3. Non-Parametric Models : Kernel Density Estimation

General formulation - arbitrary kernel

V = hd

k

)

K. Kersting based on Slides from J. Peters · Statistical Machine Learning · Summer Term 2020 36 / 77

3. Non-Parametric Models : Kernel Density Estimation

Common Kernels

Gaussian Kernel

Parzen window

k (u) =

Not very smooth results

K. Kersting based on Slides from J. Peters · Statistical Machine Learning · Summer Term 2020 37 / 77

3. Non-Parametric Models : Kernel Density Estimation

Common Kernels

Epanechnikov kernel

Smoother, but finite support

Problem with kernel methods: We have to select the kernel bandwidth h appropriately

K. Kersting based on Slides from J. Peters · Statistical Machine Learning · Summer Term 2020 38 / 77

3. Non-Parametric Models : Kernel Density Estimation

Gaussian KDE Example

Not smooth enough

About right

Too smooth

K. Kersting based on Slides from J. Peters · Statistical Machine Learning · Summer Term 2020 39 / 77

3. Non-Parametric Models : K-nearest Neighbors

Again to our definition

p (x) ≈ K NV

Kernel density estimation - Fix V and determine K Example: determine the number of data points K in a fixed hypercube

K-nearest neighbor - Fix K and determine V Example: increase the size of a sphere until K data points fall into the sphere

K. Kersting based on Slides from J. Peters · Statistical Machine Learning · Summer Term 2020 40 / 77

3. Non-Parametric Models : K-nearest Neighbors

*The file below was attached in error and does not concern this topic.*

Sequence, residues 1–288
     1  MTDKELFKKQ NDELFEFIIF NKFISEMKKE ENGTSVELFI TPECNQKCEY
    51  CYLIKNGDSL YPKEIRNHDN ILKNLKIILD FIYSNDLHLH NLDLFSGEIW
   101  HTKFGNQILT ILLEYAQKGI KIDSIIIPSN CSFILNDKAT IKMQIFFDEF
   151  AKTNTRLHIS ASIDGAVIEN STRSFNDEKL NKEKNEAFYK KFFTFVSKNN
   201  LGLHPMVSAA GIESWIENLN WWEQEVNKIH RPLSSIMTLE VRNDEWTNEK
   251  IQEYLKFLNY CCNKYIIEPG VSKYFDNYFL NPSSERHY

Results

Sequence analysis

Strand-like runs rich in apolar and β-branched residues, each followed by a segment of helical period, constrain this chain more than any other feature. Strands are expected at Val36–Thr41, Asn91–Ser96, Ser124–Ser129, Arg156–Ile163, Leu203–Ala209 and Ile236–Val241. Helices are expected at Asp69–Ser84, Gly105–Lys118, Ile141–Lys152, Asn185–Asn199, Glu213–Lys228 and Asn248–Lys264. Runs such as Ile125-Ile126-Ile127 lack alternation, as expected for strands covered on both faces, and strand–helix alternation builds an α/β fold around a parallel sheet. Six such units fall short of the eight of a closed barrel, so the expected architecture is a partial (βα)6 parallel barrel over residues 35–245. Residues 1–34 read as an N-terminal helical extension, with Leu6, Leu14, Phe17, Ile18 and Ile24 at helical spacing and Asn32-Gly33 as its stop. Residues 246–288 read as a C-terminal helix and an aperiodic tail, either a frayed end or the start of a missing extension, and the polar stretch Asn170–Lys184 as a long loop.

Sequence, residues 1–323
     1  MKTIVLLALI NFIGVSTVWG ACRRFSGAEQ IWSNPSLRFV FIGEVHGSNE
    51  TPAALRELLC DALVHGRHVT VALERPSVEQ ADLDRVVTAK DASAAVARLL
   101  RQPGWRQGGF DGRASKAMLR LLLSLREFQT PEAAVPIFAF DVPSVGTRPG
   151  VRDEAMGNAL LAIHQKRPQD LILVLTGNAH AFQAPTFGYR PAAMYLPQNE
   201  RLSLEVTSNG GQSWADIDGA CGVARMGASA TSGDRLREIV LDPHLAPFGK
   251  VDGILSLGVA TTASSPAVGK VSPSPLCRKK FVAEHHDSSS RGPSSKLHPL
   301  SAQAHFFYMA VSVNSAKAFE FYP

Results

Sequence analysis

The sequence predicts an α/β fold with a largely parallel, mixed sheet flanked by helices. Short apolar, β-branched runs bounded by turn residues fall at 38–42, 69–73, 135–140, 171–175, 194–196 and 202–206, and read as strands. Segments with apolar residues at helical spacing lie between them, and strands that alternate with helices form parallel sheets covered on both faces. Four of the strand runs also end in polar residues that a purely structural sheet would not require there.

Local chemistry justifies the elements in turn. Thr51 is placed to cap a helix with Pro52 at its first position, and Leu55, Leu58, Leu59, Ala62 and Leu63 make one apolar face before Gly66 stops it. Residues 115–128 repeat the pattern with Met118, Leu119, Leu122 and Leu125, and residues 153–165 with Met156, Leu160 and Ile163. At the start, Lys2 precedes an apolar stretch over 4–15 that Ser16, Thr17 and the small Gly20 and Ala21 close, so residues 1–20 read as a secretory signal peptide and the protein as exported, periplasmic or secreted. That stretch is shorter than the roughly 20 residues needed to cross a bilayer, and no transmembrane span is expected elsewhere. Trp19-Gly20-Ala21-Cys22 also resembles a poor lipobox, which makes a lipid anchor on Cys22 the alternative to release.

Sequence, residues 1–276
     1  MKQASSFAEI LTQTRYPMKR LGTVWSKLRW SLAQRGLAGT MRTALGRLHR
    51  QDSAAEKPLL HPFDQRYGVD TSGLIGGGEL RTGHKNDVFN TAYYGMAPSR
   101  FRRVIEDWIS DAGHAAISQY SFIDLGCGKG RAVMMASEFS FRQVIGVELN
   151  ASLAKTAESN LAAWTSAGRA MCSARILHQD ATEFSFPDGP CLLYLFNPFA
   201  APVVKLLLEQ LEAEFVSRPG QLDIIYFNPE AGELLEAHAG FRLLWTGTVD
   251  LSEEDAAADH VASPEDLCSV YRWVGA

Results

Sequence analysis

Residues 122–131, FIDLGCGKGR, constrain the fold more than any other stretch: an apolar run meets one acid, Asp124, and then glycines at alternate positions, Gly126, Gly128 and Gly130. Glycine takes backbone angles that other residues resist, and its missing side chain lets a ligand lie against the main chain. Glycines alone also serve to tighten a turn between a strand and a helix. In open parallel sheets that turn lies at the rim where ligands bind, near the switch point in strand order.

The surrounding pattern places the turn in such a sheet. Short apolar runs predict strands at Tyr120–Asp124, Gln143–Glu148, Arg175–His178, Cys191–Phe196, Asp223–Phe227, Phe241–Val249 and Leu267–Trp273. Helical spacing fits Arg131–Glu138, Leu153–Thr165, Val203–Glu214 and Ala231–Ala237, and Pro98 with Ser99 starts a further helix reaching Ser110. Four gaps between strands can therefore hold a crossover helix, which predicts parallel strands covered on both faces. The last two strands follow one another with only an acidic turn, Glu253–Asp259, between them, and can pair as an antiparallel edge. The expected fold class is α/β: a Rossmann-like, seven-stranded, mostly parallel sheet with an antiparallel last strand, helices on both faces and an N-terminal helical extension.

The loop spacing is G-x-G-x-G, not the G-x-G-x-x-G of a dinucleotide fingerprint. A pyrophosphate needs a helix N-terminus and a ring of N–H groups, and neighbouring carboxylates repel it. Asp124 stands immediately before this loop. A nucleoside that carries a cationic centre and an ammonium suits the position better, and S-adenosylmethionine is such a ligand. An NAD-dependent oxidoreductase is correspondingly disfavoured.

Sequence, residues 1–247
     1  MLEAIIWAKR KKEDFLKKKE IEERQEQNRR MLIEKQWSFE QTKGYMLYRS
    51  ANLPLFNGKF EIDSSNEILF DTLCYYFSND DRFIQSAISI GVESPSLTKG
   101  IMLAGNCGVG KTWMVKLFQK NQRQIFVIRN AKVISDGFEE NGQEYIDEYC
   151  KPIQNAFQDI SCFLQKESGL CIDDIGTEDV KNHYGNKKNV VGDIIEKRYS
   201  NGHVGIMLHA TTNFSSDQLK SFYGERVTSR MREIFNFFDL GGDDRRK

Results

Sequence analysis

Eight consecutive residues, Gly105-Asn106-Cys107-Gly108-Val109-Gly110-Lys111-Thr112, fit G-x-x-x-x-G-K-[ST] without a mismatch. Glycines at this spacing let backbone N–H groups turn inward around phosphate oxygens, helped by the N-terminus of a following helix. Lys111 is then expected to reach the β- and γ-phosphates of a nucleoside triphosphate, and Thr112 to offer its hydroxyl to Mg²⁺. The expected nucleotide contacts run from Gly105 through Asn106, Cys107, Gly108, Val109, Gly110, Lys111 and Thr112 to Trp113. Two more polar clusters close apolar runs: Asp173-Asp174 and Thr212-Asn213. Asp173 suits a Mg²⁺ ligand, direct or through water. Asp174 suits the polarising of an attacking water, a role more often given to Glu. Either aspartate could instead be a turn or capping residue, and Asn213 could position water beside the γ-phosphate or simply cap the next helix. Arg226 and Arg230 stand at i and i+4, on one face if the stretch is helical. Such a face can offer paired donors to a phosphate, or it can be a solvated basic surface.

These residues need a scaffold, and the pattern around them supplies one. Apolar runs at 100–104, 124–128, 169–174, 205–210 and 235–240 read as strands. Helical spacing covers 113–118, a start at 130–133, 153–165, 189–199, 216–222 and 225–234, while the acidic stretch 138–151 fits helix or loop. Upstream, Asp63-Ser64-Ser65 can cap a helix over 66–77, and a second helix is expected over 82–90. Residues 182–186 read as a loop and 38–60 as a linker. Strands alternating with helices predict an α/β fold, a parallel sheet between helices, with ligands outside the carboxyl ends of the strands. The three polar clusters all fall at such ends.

K-Nearest Neighbors (kNN)

Not smooth enough

Note: Blue rescaled for visualization

K. Kersting based on Slides from J. Peters · Statistical Machine Learning · Summer Term 2020 41 / 77

3. Non-Parametric Models : K-nearest Neighbors

K-Nearest Neighbors (kNN)

P ( x Cj) P (Cj) P (x)

k-Nearest Neighbors classification Assume we have a dataset of N points, where Nj is the number of data points in class Cj and

∑ j Nj = N. To classify a point x we

draw a sphere centered in x that contains K points (from any classes). Assume the sphere has volume V and contains Kj points of class Cj

P (x) ≈ K NV

, P ( x Cj) ≈ Kj

= Kj K

K. Kersting based on Slides from J. Peters · Statistical Machine Learning · Summer Term 2020 42 / 77

3. Non-Parametric Models : K-nearest Neighbors

Bias-Variance Problem

too large: too smooth

Kernel density estimation: Kernel bandwidth? h too large: too smooth

h too small: not smooth enough

K-nearest neighbor: Number of neighbors? K too large: too smooth